Politics

Murkowski, weighing Kavanaugh’s stand on abortion, still mum on vote

WASHINGTON — Alaska Sen. Lisa Murkowski isn't in a rush to decide how she'll vote on Supreme Court nominee Brett Kavanaugh, despite mounting pressure from activists and concerned Alaskans.

The Republican senator said she will make her vote plans known before his nomination hits the Senate floor — an event expected before the end of the month. This week, she's watching Kavanaugh's hearings before the judiciary committee, when she can.

"I've been very clear in terms of what my vetting process was going to be," Murkowski said in an interview Wednesday. "I've spent a lot of time going through the writings, the speeches, the opinions. I met with him … And now we're in the midst of the hearings."

Murkowski's so far unpromised vote is of keen interest to those supporting and fighting Kavanaugh's nomination. Republicans only need a simple majority to confirm him to the high court, but currently have a slim 51-49 vote majority. Any lost Republican vote puts the nomination in jeopardy.

"So far I haven't heard anything that is earthshaking, something that hasn't been out there as a point of discussion before. But I know they really just started questions this morning," Murkowski said of the hearing.

Murkowski's takeaway from reading Kavanaugh's judicial opinions is that he is "a person who is very critical in his evaluation of the facts as applied to the law," she said. Sometimes he rules for the Environmental Protection Agency, and sometimes against it, she said. "So I'm looking at that to try to determine what basically what kind of a jurist (he) is, and my review has concluded that this is somebody who looks very critically at the facts of each case and then works to apply the law to it," she said.

That's a positive, she said. "I don't want a judge who's going to be going into an issue with a predetermined outcome," she said.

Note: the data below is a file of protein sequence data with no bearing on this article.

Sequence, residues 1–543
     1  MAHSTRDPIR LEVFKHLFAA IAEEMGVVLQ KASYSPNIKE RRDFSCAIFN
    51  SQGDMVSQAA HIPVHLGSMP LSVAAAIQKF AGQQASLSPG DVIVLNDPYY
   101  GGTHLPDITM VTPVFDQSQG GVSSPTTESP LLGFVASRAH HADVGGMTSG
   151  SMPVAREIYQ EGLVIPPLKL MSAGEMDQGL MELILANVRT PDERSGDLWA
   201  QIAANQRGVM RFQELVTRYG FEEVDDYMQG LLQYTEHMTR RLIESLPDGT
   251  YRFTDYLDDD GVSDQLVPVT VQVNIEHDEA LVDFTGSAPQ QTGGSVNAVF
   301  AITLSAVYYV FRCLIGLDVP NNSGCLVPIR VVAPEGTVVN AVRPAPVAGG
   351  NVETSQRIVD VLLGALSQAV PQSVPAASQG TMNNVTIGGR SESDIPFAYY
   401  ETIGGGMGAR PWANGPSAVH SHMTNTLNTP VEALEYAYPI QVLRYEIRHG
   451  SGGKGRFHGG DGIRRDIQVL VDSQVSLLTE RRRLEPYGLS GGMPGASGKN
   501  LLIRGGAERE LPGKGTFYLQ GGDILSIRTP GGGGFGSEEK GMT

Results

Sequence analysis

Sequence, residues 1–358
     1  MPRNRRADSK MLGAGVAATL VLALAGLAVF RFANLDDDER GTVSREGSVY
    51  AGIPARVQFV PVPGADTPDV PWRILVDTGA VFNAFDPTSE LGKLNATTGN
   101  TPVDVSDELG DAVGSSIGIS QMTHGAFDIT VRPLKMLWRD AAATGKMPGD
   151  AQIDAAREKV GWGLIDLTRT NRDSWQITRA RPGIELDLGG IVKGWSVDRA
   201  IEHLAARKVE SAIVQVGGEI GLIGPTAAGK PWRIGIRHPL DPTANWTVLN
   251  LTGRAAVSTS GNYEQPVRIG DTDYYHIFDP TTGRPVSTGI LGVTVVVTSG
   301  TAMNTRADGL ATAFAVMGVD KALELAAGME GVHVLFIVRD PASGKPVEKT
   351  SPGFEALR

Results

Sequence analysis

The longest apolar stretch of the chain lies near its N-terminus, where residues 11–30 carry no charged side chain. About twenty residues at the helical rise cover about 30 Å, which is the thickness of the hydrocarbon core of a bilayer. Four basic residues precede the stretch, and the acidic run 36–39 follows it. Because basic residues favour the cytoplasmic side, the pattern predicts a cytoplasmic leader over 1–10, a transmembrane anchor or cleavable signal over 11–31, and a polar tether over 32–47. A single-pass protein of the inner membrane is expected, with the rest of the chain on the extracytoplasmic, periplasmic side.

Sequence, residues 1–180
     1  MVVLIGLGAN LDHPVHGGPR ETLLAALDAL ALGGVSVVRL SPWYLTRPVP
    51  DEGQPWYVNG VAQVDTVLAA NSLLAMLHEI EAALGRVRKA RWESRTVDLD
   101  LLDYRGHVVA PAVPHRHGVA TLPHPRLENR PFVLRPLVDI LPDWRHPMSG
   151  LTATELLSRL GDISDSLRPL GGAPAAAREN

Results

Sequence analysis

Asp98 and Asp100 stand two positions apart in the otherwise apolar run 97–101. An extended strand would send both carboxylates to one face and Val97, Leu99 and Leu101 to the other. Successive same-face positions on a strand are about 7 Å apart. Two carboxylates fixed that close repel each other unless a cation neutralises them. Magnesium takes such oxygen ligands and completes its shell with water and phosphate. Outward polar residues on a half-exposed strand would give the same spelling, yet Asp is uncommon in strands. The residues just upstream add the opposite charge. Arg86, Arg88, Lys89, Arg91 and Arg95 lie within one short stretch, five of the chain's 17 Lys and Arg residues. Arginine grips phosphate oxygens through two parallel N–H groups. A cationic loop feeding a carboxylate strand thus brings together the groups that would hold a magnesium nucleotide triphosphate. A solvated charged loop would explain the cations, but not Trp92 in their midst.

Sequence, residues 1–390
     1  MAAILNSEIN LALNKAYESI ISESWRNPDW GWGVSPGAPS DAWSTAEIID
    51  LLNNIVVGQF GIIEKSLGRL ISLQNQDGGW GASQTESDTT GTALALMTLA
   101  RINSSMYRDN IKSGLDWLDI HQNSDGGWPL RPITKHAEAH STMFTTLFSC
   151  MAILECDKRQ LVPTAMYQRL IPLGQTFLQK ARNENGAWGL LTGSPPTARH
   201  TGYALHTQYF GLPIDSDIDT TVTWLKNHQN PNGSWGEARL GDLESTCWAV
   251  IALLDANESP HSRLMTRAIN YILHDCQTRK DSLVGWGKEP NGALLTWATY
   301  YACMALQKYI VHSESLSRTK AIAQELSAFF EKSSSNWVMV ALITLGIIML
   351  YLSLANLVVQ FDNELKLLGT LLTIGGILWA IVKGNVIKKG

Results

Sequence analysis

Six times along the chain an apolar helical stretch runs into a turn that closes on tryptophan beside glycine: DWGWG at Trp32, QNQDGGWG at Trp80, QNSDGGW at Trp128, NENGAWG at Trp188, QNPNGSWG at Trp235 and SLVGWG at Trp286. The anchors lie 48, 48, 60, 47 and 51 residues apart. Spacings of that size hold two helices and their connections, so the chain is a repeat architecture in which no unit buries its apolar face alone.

In her recent 90-minute meeting with Kavanaugh, Murkowski said she talked to him at length about precedent and quizzed him specifically on cases granting abortion rights and legal gay marriage. Though Murkowski spoke at length about the parameters of their discussion, she did not clearly relay where Kavanaugh sees the "tipping point" for when it is reasonable to overturn long-established legal precedent, such as in the landmark abortion rights case Roe v. Wade.

"I don't know what his personal belief about abortion is. I don't know that anybody knows what his personal belief is," she said.

Murkowski wants to hear more about established precedents at this week's hearings, she said.

And she noted, that while cases "could" come from lower courts that test Roe v. Wade, it is not certain.

"But I do think that there are people who have been made to fear that if Judge Kavanaugh is nominated, that the day he joins the bench, that Roe versus Wade is going to be overturned. That is just not possible," she said.

In the weeks leading up to the Kavanaugh hearing and this week, campaigns opposing and supporting the nomination have continued to vie for her vote, with ad campaigns, visits to Washington, D.C., and other initiatives designed to spur voters to contact Murkowski about the nomination.

The commercials, at least, aren't of much interest to her, she said. "I turned the TV on in my house here in D.C. to watch the beginning of the hearing yesterday morning — that's the first time I've had that TV on all summer. So yeah, so I don't watch 'em," she said.